But then there are details that invite us to be bold. For example, Amazon will consider sites of about 100 acres and wants a list of the region’s “universities and community colleges with relevant degrees and the number of students graduating with those degrees over the last three years. Additionally, include information on your local/regional K-12 education programs related to computer science.”

As state officials and local mayors prepare proposals, they shouldn’t just lay out what they think a headquarters looks like today but what it should like tomorrow. Talk to corporate strategists, urban planners, architects, futurists. (Yes, that’s a real job title.)

That’s why I get excited by a site like Suffolk Downs, which straddles East Boston and Revere. The 161-acre waterfront property is a blank slate between two Blue Line stops, and sits so close to Logan you can see planes taking off and landing. With its casino dreams dashed, the horse racetrack was sold earlier this year to a development team led by former City of Boston planning honcho Tom O’Brien.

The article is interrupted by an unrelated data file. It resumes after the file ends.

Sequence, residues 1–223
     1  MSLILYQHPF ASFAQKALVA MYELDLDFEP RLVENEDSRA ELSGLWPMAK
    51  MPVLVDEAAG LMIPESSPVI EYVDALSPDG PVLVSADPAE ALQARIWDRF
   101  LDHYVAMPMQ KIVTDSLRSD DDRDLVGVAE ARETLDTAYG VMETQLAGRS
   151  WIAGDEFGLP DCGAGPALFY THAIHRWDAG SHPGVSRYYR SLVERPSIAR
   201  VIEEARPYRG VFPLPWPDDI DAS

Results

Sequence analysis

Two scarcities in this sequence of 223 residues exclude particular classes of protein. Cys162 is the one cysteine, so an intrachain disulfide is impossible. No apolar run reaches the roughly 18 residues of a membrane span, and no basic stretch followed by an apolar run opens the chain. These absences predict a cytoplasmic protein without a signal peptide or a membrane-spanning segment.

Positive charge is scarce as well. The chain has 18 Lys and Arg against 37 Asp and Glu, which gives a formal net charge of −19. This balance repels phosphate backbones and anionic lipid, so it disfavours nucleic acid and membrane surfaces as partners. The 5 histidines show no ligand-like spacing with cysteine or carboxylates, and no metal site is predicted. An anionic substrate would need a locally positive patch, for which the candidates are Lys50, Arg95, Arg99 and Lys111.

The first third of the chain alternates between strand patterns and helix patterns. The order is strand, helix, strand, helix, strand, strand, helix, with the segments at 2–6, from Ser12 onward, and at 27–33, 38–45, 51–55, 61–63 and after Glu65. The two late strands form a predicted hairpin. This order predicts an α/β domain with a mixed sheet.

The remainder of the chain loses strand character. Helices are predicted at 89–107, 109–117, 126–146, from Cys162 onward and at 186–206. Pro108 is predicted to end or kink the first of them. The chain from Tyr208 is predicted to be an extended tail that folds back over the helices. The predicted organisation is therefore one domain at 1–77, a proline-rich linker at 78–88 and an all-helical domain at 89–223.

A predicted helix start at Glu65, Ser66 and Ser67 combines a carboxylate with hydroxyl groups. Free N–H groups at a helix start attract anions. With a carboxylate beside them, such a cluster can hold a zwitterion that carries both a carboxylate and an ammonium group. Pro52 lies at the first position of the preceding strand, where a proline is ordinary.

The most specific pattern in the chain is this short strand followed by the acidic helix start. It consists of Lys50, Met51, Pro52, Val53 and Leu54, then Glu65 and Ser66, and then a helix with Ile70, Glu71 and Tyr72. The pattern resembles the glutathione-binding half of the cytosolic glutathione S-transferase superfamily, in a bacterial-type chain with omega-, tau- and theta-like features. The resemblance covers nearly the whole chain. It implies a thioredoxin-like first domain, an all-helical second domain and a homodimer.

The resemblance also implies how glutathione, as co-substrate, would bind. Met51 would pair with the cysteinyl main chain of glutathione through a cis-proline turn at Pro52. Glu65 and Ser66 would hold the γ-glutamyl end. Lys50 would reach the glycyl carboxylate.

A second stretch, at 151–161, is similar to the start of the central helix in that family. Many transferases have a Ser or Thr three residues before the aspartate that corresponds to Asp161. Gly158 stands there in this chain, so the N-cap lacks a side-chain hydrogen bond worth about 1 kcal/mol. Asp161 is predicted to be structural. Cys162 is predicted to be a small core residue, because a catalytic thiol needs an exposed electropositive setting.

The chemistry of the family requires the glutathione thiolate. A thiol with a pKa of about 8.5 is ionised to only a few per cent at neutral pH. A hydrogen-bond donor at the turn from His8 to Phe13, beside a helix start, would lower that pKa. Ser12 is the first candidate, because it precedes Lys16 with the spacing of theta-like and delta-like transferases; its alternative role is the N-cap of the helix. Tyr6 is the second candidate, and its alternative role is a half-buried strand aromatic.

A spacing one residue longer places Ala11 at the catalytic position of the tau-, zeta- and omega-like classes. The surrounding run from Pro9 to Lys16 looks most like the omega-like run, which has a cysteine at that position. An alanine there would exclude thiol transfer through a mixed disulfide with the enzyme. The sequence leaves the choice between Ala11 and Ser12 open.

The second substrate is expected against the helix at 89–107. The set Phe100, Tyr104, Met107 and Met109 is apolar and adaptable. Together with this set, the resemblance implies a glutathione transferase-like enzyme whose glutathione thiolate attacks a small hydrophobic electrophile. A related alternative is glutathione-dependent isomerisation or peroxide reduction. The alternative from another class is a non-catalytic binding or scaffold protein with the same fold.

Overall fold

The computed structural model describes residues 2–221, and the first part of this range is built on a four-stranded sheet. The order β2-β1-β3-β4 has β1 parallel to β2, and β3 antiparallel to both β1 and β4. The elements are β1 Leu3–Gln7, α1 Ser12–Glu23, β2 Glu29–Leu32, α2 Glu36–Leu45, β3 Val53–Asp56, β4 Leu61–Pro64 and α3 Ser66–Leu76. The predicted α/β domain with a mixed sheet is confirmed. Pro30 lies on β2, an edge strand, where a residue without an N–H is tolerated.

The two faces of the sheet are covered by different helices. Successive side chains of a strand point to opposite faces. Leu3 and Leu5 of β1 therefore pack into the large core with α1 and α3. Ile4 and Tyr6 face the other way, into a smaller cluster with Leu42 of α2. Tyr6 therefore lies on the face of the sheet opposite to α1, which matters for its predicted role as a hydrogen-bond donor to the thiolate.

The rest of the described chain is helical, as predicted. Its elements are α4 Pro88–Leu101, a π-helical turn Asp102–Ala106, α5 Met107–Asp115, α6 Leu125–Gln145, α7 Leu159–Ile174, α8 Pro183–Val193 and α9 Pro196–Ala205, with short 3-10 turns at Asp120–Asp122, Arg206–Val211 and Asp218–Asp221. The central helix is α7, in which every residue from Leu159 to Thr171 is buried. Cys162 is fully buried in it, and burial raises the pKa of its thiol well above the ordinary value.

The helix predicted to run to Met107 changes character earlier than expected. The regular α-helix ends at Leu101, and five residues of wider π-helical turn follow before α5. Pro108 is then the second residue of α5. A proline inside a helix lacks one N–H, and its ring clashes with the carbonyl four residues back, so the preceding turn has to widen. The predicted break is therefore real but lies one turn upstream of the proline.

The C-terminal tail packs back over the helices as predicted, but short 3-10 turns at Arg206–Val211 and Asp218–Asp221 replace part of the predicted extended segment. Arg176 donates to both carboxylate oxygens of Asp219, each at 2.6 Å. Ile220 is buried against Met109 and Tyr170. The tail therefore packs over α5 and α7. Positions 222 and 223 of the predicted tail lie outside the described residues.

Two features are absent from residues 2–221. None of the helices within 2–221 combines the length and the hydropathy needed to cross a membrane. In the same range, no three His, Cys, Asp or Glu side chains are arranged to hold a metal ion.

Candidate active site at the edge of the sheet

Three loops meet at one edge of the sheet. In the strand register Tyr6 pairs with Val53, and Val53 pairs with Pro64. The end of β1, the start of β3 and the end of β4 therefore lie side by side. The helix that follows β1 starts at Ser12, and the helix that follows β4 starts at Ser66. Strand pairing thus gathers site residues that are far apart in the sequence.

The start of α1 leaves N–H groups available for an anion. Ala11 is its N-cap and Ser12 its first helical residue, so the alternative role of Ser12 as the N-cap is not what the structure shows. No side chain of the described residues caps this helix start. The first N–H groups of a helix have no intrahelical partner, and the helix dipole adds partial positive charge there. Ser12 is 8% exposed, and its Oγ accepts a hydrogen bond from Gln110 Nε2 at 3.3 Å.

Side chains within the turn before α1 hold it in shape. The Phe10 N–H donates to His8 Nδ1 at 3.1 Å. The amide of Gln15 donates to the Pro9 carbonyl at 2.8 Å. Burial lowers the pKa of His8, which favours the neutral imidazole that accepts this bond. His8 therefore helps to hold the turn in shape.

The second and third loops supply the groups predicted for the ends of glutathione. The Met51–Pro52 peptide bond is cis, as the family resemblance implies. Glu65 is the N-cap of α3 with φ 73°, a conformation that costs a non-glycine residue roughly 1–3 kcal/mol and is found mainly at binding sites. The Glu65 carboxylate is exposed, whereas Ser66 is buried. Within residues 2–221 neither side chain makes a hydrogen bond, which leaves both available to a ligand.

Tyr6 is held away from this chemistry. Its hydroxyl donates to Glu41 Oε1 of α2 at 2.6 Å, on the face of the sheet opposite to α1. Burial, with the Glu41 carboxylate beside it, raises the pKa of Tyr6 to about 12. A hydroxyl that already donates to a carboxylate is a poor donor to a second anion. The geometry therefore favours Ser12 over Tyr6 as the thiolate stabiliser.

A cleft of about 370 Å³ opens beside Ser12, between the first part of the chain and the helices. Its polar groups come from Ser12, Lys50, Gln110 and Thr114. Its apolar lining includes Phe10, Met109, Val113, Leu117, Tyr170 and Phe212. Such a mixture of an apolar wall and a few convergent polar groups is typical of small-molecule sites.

O’Brien has said he envisions a mega-project like Assembly Square with housing, shops, restaurants, and offices, arranged on pedestrian-friendly city blocks. You can see how easily that can become a development anchored by a corporate headquarters with work-play-live amenities. (The current Amazon headquarters in Seattle boasts 24 restaurants and cafes.)

State officials and local mayors should lay out what they think a headquarters should like tomorrow.

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Now the traffic by Suffolk Downs is a nightmare, but if Amazon were waiting in the wings, the state would finally fix Route 1A. How about that flyover?

That shouldn’t be all. Other infrastructure upgrades to consider: a ferry to the Seaport District (where Amazon will open an office next spring with 900 employees) and a connector to finally link the Blue and Red lines so Amazon workers can easily reach their office in Kendall Square. That’s not pie-in-the-sky; connecting those subway lines was in the works a decade ago until the state scrapped it.

A bona fide lure that exists now is our brain power.